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Environmental Factors Affect Geographic Patterns of Leaf and Seed Traits of a Relict Tree Species TEXT SIZE: A A A

Plant species with wide distribution generally exhibit different degrees of phenotypic variation resulting from their adaptive differentiation to diverse environments. Many studies have demonstrated that intraspecific variability can improve plants’ performance and facilitate their adaptability to local environmental gradients. Therefore, exploring leaf and seed trait variations and their driving factors will help us to understand species’ adaptations to heterogeneous environments and to improve our prediction of plants’ responses to rapidly changing climates, which can ultimately provide valuable information for species’ management and conservation. 

Supervised by Prof. JIANG Mingxi and Prof. WEI Xinzeng, Dr. MENG Hongjie and WU Hao, a PhD candidate from Wuhan Botanical Garden, collected leaf and seed samples of Euptelea pleiospermum across its natural distribution in China. They measured 13 leaf traits and nine seed traits, and analyzed their geographic patterns and environmental drivers.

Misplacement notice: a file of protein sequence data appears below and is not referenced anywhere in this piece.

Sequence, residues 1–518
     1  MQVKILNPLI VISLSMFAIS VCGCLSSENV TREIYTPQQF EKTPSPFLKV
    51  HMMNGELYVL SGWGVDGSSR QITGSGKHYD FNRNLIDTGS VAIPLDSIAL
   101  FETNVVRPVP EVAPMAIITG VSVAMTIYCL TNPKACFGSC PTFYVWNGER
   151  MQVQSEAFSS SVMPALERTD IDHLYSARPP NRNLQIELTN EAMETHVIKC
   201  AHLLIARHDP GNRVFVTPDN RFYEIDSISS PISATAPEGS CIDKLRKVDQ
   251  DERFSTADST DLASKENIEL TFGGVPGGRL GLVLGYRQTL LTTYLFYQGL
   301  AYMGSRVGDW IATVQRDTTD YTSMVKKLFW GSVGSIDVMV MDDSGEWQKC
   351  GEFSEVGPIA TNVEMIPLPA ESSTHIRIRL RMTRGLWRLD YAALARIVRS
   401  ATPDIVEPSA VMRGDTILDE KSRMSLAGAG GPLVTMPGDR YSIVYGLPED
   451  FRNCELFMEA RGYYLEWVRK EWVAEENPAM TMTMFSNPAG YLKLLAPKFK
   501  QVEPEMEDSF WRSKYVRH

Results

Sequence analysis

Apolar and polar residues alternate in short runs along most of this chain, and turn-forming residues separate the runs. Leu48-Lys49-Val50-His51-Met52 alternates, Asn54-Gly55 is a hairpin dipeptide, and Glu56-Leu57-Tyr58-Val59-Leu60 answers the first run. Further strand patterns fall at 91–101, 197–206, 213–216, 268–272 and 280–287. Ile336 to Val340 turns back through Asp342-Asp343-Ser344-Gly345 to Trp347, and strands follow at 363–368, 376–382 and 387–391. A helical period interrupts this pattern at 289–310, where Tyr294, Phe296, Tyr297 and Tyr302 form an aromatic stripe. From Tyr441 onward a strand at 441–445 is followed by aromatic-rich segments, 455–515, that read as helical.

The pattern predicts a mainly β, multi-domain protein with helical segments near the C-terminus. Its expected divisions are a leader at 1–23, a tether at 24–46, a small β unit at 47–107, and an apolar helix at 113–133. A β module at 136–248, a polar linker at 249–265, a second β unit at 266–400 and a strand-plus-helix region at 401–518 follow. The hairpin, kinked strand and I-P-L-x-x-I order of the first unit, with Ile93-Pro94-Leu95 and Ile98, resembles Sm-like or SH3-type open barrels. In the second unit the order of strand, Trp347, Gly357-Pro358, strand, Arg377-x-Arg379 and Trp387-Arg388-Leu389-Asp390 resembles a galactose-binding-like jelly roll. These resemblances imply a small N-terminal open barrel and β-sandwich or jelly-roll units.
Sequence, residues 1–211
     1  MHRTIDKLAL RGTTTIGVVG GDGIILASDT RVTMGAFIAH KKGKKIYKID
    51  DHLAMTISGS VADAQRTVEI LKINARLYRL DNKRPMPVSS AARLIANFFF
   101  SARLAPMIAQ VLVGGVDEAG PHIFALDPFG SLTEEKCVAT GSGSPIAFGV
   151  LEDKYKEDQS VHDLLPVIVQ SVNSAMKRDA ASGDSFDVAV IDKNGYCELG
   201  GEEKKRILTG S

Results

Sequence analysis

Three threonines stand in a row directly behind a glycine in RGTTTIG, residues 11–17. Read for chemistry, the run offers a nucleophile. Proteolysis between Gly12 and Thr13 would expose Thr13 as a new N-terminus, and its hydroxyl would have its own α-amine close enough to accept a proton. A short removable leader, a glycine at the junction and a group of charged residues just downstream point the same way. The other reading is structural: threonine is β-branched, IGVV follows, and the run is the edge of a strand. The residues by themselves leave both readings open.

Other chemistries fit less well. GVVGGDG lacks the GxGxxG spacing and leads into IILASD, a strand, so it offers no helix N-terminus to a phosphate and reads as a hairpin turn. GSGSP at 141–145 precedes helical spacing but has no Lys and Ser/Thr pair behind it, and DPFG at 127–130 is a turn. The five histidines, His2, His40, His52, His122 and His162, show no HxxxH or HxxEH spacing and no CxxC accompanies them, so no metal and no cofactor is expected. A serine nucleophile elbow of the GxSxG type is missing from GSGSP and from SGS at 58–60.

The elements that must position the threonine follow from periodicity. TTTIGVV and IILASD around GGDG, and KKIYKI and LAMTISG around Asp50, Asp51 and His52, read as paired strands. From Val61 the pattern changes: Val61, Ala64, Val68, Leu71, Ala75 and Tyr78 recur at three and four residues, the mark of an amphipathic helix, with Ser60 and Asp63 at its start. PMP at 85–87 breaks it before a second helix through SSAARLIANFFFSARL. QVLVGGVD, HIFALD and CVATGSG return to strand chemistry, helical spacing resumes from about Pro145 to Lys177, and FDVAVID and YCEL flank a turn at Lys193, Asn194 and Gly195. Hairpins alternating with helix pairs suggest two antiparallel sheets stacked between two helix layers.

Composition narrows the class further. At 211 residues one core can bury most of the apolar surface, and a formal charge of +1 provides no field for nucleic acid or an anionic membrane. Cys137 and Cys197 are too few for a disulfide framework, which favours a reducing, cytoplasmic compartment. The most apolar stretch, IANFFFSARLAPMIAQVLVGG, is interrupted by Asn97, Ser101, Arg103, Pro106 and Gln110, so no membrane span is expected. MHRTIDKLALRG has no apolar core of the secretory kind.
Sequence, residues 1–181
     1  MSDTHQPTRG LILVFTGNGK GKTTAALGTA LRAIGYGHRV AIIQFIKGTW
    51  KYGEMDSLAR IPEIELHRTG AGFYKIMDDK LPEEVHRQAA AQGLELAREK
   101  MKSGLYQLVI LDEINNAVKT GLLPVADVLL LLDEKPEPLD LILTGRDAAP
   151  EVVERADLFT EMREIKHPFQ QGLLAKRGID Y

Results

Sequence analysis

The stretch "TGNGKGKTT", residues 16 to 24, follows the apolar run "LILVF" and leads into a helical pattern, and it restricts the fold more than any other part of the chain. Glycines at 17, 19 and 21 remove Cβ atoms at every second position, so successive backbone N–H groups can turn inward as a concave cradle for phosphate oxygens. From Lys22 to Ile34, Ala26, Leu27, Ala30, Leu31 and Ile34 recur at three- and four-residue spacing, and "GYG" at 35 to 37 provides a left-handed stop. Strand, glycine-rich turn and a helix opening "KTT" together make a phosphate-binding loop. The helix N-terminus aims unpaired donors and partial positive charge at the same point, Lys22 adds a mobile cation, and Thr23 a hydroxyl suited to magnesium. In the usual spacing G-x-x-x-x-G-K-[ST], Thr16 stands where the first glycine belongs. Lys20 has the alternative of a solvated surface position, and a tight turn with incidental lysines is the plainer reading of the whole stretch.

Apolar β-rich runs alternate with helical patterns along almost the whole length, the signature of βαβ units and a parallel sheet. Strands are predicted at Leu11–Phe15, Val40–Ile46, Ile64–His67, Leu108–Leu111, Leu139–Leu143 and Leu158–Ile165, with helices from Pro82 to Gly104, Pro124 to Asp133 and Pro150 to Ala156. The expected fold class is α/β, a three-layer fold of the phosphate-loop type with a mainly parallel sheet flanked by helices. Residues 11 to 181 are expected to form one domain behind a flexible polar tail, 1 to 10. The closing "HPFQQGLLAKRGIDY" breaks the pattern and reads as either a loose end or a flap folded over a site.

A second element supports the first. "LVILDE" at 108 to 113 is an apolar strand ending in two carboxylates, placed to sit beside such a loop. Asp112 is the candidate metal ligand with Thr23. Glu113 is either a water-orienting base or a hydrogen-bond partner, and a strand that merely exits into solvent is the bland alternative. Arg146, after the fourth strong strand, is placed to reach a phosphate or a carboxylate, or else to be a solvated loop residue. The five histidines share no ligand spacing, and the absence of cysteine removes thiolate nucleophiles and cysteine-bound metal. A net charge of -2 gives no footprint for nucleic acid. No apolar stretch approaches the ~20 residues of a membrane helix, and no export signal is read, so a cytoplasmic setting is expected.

Results revealed substantial variations in leaf and seed traits of this species among populations. Temperature was the strongest predictor of leaf traits variation, and mean annual temperature and soil phosphorus were the dominate drivers of seed traits variation. They demonstrated that intraspecific trait variation reflected E. pleiospermums response to the local environment.  

This study was financially supported by the National Natural Science Foundation of China and State Key Laboratory of Vegetation and Environmental Change. Results have been published in Plant Biology and Forest Ecology and Management entitled Geographical variation and the role of climate in leaf traits of a relict tree species across its distribution in China and Geographic patterns and environmental drivers of seed traits of a relict tree species respectively. 

 

Map of the sites of Euptelea pleiospermum collection. Red areas represent the most suitable habitat, and thus local dominance of Euptelea pleiospermum (Image by MENG Hongjie) 

 

Path analysis diagram depicting the direct and indirect effects of climatic and edaphic variables on seed germination percentage of Euptelea pleiospermum from 18 populations across its geographic distribution in China (Image by WU Hao) 

  

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